In this Sustainable Energy Seminar, Dr. Victor Ujor, Assistant Professor of Food Science, will discuss tools for engineering microorganisms towards enhanced production of bio-chemicals and fuels as alternatives to petroleum-based chemicals and fuels, as well as the future prospects of metabolic engineering and lingering challenges in the field.
The mounting impacts of climate change and unrelenting increase in human population have triggered widespread interest in alternative sources of fuels, as well as bulk and specialty chemicals. Specifically, microbial systems as cell factories for producing fuels and chemicals have gained significant attention. Further, the emergence of a vast array of tools for engineering microbial systems has contributed to interests in microbe-driven production of bio-chemicals. These tools allow for the elimination of bottlenecks that hamper target product accumulation (during fermentation) and recovery (post-fermentation). These include a) circumventing feedstock-mediated inhibition of target product biosynthesis, b) elimination of undesirable co-products that siphon carbon and electrons away from target product biosynthesis, c) abolition of nuisance products that complicate downstream processing, and d) enhancing feedstock utilization and ultimately, target product biosynthesis. This seminar will discuss the tools for engineering microorganisms towards enhanced production of bio-chemicals, case studies on metabolic engineering of microbial systems to overcome a specific metabolic and process challenges, as well as the future prospects of metabolic engineering and lingering challenges in the field.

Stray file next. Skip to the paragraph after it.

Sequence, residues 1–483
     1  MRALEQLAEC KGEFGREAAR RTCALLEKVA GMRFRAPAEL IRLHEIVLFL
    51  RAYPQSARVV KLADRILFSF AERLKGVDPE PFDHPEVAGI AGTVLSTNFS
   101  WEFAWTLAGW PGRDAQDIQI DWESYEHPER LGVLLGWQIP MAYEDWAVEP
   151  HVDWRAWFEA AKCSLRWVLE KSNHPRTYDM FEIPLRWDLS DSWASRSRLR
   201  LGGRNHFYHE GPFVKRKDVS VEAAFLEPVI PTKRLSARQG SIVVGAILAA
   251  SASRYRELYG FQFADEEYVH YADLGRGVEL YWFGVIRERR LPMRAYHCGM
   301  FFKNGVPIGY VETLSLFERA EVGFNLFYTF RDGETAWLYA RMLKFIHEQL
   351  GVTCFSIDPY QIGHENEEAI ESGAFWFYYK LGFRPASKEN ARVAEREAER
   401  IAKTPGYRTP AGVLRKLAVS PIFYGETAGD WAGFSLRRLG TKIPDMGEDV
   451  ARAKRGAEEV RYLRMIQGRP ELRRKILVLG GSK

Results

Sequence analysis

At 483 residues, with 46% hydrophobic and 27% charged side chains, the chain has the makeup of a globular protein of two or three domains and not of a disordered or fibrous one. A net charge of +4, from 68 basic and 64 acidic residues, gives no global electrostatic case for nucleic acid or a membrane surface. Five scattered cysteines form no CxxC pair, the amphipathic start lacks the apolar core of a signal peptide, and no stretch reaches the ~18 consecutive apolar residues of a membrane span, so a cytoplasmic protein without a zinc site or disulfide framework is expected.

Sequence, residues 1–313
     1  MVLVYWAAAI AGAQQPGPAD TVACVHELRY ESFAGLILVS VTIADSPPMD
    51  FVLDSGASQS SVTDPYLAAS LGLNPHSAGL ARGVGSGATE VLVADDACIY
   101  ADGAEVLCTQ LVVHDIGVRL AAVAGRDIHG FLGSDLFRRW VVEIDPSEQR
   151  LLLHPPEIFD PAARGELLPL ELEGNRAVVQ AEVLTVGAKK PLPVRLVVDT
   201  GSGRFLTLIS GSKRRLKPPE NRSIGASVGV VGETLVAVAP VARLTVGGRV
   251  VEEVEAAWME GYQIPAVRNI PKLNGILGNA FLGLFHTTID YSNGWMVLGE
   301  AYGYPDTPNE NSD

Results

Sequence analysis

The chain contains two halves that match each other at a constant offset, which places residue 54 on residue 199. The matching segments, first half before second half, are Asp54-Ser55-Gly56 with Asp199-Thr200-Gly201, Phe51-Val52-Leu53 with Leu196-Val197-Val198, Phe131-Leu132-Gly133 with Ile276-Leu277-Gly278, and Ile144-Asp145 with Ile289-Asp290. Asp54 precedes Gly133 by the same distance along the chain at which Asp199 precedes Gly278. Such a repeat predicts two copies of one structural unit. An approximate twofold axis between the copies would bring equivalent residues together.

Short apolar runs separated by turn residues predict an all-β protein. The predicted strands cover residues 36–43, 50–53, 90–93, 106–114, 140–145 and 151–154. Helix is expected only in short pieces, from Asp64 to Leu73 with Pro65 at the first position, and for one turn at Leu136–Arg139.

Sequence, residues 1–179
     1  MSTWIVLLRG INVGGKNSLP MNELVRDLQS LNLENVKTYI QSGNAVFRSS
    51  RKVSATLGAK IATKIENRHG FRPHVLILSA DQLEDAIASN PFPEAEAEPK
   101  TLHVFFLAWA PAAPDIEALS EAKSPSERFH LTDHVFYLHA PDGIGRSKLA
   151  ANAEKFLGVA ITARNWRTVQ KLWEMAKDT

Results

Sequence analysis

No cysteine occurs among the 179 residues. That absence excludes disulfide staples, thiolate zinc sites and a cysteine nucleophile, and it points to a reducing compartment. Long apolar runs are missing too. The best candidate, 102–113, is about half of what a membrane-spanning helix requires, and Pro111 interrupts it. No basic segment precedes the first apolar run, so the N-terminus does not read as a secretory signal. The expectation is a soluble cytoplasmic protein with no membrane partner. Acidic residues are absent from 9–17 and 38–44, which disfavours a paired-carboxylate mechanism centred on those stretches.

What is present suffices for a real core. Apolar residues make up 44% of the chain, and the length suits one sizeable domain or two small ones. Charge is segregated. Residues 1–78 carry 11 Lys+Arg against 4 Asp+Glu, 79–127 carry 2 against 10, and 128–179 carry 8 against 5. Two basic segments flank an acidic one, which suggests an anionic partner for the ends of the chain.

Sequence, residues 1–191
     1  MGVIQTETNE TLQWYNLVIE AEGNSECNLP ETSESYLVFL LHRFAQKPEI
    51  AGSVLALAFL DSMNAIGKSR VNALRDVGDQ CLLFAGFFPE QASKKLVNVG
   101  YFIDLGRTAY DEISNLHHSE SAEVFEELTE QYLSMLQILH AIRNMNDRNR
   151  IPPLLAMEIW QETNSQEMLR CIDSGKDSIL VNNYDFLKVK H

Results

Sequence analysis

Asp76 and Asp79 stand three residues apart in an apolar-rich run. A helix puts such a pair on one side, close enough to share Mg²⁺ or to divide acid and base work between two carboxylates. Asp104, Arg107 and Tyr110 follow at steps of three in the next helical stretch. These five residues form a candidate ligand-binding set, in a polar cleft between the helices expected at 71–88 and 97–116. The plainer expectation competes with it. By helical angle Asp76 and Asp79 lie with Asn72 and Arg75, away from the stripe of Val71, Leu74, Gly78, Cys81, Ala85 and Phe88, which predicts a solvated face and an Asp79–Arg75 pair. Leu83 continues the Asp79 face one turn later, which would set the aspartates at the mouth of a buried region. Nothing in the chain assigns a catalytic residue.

This event is offered both in-person at the Wisconsin Energy Institute and online through Zoom Webinar. If attending online, registration is required. Click here to register for this and all other webinars as part of the Sustainable Energy Seminar series.